In a slide entitled "Opportunities to get involved", a list of "key coalitions" is provided that includes: "former Yankees" (we assume that means ex-northerners, not the actual Pinstripers), first responders, volunteer firefighters and, The Fix's personal favorite, Italian Americans.
On a slide titled "Our Plan for Victory" there are handwritten notes that read "go after congressional districts" and "Miami -- key city". As we noted in a story for washingtonpost.com's "Fast Track Campaign" series, Florida is one of several large states that splits its delegate apportionment between the winners of each congressional district and the winner of the statewide vote. Win the entire state of Florida and you get 39 total delegates. But, 75 delegates are up for grabs in the congressional districts -- three for each of the 25 seats. ...
The Republican National Committee plans to penalize at least four states holding early primaries, including New Hampshire and Florida, by refusing to seat at least half their delegates at the party’s national convention in 2008, a party official said Tuesday.
Much of the focus in the primary scheduling fight up to now has been on the Democratic National Committee’s moves to penalize Florida by not seating its convention delegates because of the state’s decision to move up its primary. But the Republican rules are even more stringent, and the national party said today that it would not hesitate enforcing them.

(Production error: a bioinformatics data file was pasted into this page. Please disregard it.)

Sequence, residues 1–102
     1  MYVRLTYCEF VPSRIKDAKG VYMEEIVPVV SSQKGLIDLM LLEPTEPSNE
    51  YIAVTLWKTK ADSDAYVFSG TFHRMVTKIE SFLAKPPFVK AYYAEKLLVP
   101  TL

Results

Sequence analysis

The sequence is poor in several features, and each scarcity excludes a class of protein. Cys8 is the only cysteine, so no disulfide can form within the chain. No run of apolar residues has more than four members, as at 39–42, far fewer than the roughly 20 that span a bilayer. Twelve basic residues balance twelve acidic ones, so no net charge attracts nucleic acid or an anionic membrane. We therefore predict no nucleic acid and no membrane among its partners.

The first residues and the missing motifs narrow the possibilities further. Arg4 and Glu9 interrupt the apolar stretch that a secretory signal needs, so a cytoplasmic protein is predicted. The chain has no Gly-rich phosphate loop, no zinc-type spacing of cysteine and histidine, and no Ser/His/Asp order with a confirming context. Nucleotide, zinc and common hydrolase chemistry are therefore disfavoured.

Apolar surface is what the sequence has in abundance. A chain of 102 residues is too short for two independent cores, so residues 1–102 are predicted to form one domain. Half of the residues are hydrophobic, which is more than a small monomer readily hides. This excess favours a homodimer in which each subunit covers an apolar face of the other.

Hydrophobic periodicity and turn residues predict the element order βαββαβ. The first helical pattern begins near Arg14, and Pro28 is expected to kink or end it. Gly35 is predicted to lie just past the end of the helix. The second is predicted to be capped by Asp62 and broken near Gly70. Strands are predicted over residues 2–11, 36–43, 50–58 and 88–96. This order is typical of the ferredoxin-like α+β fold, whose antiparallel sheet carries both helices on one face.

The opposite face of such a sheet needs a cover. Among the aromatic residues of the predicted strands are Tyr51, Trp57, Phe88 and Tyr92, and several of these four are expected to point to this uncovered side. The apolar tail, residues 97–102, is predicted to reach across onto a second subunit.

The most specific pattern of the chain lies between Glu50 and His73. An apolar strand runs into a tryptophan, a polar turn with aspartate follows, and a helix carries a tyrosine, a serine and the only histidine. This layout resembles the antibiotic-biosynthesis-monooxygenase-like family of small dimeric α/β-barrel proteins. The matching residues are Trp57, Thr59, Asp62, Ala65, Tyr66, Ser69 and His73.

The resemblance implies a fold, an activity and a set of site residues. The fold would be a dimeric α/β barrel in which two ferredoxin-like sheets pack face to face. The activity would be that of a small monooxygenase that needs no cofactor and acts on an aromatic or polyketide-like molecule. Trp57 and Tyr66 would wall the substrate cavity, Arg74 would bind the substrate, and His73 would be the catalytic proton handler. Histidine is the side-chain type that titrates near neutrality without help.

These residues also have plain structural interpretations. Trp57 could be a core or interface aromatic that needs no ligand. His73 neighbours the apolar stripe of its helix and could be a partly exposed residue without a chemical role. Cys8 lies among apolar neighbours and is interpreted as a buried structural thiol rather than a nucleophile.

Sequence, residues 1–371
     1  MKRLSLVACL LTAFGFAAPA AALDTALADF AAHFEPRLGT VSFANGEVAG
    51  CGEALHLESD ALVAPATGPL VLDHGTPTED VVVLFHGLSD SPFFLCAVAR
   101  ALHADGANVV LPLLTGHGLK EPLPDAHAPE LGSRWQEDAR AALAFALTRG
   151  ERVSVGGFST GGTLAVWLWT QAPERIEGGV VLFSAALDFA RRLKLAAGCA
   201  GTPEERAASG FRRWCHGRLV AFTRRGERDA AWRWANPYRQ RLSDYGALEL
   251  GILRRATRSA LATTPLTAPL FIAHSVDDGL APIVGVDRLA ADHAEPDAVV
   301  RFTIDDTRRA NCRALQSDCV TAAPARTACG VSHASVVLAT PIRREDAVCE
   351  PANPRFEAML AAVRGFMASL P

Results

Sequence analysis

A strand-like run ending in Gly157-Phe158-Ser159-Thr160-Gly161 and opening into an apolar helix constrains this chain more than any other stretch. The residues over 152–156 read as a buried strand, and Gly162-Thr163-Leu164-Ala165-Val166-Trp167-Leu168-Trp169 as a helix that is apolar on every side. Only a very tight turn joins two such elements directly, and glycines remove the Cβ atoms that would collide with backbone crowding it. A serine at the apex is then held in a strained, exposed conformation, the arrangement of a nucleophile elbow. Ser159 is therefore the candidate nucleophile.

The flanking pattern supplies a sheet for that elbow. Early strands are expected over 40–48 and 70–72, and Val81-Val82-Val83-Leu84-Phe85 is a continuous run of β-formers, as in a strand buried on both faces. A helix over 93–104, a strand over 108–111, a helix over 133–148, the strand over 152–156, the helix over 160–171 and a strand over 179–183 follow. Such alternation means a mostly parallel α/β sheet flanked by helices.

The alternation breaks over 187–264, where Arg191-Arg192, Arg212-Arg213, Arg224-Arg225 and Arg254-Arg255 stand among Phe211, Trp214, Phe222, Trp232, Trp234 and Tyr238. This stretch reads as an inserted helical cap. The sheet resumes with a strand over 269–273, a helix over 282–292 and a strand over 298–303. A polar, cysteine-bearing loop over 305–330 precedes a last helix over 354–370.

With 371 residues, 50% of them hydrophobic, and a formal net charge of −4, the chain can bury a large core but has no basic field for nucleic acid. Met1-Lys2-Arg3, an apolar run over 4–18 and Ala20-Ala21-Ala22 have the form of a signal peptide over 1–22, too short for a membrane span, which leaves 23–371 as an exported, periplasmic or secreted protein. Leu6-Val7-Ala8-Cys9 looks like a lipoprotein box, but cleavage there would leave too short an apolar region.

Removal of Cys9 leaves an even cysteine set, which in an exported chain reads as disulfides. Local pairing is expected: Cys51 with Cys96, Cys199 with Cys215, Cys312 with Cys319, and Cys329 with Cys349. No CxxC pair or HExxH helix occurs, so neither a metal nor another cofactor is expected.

The actions by Republicans and Democrats to move against states holding early contests is a rare instance of the two parties moving in concert, in this case to regain control over a rapidly evolving primary calendar that has thrust the nominating system into deep uncertainty just months before it is to begin.
“The rules are clear,” said Tracey Schmitt, a spokeswoman for the Republican National Committee. “Any state that holds their primary outside of the window shall be penalized delegates.”
In addition to Florida and New Hampshire, Michigan and South Carolina also face sanctions for moving their contests before Feb. 5. Two other early nominating states, Iowa and Nevada, will escape Republican sanctions because they hold nonbinding caucuses, not primaries.
Republican Party officials in both Florida and Michigan said yesterday they still believed it unlikely that they will face penalties — despite being told exactly the opposite by national party officials — and are crafting a plan to make their voice heard during the convention.
“I am confident that all 114 delegates from Florida will be seated,” said Jim Greer, the chairman of the Florida Republican Party.
Mr. Greer argued that Florida technically does not select its delegates on the date of the primary, but rather, the leaders in each of its 25 Congressional districts choose delegates starting Feb. 6, so it is not breaking the rules.